AT&T Favoring Fiber Versus Fixed Wireless Access

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While there is a place for fixed wireless access (FWA), AT&T believes the future belongs to fiber to the home (FTTH), Pascal Desroches, AT&T Senior EVP & CFO, told the virtual Credit Suisse Communications Conference, this week. AT&T views fixed wireless access as a tool only to be used in places outside its footprint, according to Desroches, because of the demand for symmetrical speeds.

“Demand for excellent [internet] performance in the home will increase significantly,” Desroches said. “And so the only product that provides the capabilities that we’re going to need going forward is fiber. And that’s why we’re really, really energized and are increasing our investment in fiber.”  

The carrier is seeing increasing momentum in fiber additions, according to Desroches. In the second half of 2021, the carrier expects fiber-related revenues to grow faster than declines in legacy voice and copper, resulting in revenue growth.  

For AT&T, life going forward as a communications pure play means a culture change, he said, increasing the emphasis on customer satisfaction in mobility, consumer wireline and business wireline.

“In a world where you’re going to have increased demand from gaming, increased demand from online education, increased demand from telehealth services and remote work, I’m just not sure that the fixed wireless is going to satisfy consumers that are using more and more connectivity in their day-to-day lives,” Desroches said. “Performance in the home needs to be excellent. And I think fiber is the only product out there that delivers that.”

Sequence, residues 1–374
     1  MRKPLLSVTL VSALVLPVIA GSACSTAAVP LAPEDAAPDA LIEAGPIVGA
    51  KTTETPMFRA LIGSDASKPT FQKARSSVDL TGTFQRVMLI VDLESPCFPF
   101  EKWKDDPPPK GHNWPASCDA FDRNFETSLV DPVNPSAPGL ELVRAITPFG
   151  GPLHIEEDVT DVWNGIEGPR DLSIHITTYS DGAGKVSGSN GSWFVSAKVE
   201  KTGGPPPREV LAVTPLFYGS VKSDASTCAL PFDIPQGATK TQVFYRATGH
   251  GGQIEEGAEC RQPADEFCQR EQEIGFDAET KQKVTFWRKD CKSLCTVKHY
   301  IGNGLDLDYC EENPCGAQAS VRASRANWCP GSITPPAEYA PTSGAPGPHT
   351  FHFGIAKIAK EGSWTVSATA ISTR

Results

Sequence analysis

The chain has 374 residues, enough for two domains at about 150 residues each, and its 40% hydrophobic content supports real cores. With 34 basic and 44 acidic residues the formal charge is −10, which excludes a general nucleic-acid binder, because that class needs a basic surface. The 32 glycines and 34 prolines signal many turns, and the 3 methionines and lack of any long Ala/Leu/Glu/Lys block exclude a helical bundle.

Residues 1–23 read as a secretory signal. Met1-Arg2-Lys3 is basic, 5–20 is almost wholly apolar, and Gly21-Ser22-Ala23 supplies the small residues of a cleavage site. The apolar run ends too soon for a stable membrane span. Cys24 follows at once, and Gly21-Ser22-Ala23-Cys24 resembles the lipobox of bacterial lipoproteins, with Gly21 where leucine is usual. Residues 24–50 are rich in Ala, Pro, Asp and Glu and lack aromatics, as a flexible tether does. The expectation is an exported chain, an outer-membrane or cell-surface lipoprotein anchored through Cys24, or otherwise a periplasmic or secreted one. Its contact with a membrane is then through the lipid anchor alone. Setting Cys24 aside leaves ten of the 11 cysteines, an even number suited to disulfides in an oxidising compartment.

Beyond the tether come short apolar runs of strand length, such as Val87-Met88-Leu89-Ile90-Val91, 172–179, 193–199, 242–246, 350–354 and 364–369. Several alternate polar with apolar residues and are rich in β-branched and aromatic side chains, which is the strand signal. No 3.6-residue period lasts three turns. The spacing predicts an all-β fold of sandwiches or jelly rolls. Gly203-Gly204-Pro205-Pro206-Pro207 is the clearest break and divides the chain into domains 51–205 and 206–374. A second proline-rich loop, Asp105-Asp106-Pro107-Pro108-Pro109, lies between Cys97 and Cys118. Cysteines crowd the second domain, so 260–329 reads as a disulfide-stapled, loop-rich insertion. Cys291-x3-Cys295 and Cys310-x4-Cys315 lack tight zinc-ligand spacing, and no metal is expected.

AT&T built out 14 million homes over the last five years and is at about 1 million broadband customers. It plans to expand its fiber footprint by an additional 3 million customer locations across more than 90 metro areas by the end of the year.

“In areas where AT&T has deployed its fiber network, the company has 10 percent higher market share than its competitors and about 70 percent of its gross adds are new to AT&T,” the carrier said at its Analyst & Investor Day in March. “In 2021, the company expects broadband revenue growth in the mid-single digits and expanding margins in its broadband business unit.”

In the 2022-2024 timeframe, AT&T expects to increase capital investment to around $24 billion annually, focused on 5G and fiber, according to Desroches. He also said the company plans to double the size of AT&T’s fiber footprint to about 30 million customer locations by year-end 2025. The carrier hopes to take advantage of new use cases with its integrated fiber deployment strategy and with penetration in areas where fiber has already been deployed.

“We think now is the time to really lean into our connectivity businesses,” Desroches said. “Think about what we learned during the pandemic. The importance of high-speed, but importantly both downlink and uplink speed, is really critical. And over time, we think the demands will only grow, in particular, demand for symmetrical speed.”

“And we think by having an integrated strategy, where we’re focused on both broadband and spectrum, 5G spectrum, we’re going to be better positioned than anyone in the United States,” he added.

By the way, in case you didn’t think you needed symmetrical high-speed internet, AT&T is giving new users a free six-month trial for Google’s cloud gaming platform Stadia.

By J. Sharpe Smith, Inside Towers Technology Editor

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